Friday, July 22, 2016

Data Science: Principal Component Analysis of Twitter Data

As described on my last blog post on this topic, I've been tracking tweets from the US presidential candidates, Hillary Clinton and Donald Trump. I've looked at the top words they used and the sentiments expressed in their tweets given their word choice. However, some words are used with others almost all the time, a notable example being a slogan like Make America Great Again. As such, it may be beneficial to look at groups of words rather than individual words. For that, I took an approach applying a Principal Component Analysis. Below I describe what this is, how I used it, and what it reveals. Do note, however, that I'm applying things I learned in astronomy to this problem rather than taking courses specific to text mining. It may be that there are better tools out there than what I've used.

Friday, July 15, 2016

Data Science: Presidential Candidates on Twitter

Over the past few months, I've been working on a little hobby data science project to explore twitter data with regards to the upcoming presidential election in the United States. The project has evolved quite a bit and detailing it in full is beyond the scope of a single blog post. As such, I've decided to split it into (at least) 3 posts. This post is the first of the series and will go over the basics of gathering data from Twitter and doing some simple text mining. The second and third posts will discuss more details of the project and show some neat visualizations I've created. I'll release all my code after the third post for any curious coders. For now, let's get started seeing what Hillary Clinton and Donald Trump's Twitter accounts are talking about.

Friday, June 17, 2016

Thursday, June 16, 2016

Book Review: A Natural History of Dragons by Marie Brennan

A Natural History of Dragons, by Marie Brennan, is the first of a series of fantasy memoirs of the Lady Trent as she explores the world and learns about dragons, among other things. I heard good things about it a few years ago and have been intrigued by it and its cover. A friend of mine at work lent me a copy (an actual physical book after so long!), so I got a chance to read it.

Read on for my full review.

Thursday, May 26, 2016

Book Review: The Children of the Sky by Vernor Vinge

Vernor Vinge has written a few main novels set in the Zones of Thought universe. The main one, A Fire Upon the Deep, is highly regarded in the science fiction community. There is a prequel, A Deepness in the Sky, which I haven't read. The other main one, The Children of the Sky, is the one I just finished reading.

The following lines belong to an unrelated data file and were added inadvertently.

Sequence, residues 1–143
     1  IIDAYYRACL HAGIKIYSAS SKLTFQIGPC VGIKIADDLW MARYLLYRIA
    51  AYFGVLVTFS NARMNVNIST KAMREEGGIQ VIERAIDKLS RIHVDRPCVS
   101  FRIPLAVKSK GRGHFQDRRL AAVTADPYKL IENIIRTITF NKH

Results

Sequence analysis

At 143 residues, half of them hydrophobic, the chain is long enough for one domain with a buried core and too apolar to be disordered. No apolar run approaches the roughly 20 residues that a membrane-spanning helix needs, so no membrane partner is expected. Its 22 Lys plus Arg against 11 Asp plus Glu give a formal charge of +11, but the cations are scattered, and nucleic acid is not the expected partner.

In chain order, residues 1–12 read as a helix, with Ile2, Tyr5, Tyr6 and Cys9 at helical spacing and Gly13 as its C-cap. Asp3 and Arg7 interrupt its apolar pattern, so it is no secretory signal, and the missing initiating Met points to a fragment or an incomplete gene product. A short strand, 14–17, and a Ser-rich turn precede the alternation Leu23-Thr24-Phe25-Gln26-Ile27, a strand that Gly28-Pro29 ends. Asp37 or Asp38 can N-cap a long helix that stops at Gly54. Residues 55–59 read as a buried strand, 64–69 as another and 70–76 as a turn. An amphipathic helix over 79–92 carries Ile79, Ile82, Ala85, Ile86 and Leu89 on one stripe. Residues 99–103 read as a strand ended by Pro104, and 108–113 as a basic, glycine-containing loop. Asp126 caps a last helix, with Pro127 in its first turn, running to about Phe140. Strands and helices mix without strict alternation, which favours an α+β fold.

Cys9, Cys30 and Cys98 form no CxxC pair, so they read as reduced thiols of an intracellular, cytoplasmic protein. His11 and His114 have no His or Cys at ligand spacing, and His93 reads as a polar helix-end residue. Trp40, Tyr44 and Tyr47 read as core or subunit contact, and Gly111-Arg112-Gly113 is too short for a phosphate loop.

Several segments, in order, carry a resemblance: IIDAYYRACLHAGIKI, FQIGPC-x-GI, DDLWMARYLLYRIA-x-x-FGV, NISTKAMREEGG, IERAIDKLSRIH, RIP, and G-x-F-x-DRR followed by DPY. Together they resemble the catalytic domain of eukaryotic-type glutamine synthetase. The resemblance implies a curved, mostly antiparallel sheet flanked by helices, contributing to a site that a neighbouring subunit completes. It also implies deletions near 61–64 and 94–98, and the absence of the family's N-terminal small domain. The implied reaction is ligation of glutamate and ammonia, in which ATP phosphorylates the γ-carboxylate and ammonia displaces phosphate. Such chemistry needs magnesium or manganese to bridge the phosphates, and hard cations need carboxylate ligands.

As a direct sequel to A Fire Upon the Deep, this book requires that you finish the prior one. This review will naturally contain spoilers for A Fire Upon the Deep, though I avoid ones for The Children of the Sky.

Read on for my full review.

Thursday, May 5, 2016

Coding: A Python Notifier for the NYC Subway

New York City Subway 6 train. Photo by Robert McConnell (Transferred from en.wikipedia to Commons.)

For fun, I created a small application in Python that checks the status of the New York City subway system and sends me an email in the morning and afternoon if there are delays in the specific lines I tend to use to get to/from work. Now, sure, something like this already exists and is offered by MTA, but I wanted to go ahead and write this myself.

Below, I describe how it works in case you want to create something similar. The code is available at GitHub, should you care to grab it.

Tuesday, April 26, 2016

Book Review: The Bands of Mourning by Brandon Sanderson

The Bands of Mourning is the third book in the Wax and Wayne series of books in Brandon Sanderson's Mistborn universe. It continues to explore the characters while introducing new things to the world. There is a fascinating mix of allomantic magic and technology presented, which sets the stage for future stories in this world.

Keep reading for my spoiler-free review.

Tuesday, April 12, 2016

Data Science: Essentials of Data Science Bootcamp

About a month or so ago, I undertook a bootcamp called "Essentials of Data Science" and run by a handful of people with support from NYCAscent. I've been meaning to write up a blog post about this, but only just now had the time. While I already had some knowledge of programming in R, I still learned a lot and feel far more confident about entering the data science job market now. Below, you'll find my general thoughts on the experience and a brief overview of what my project was about.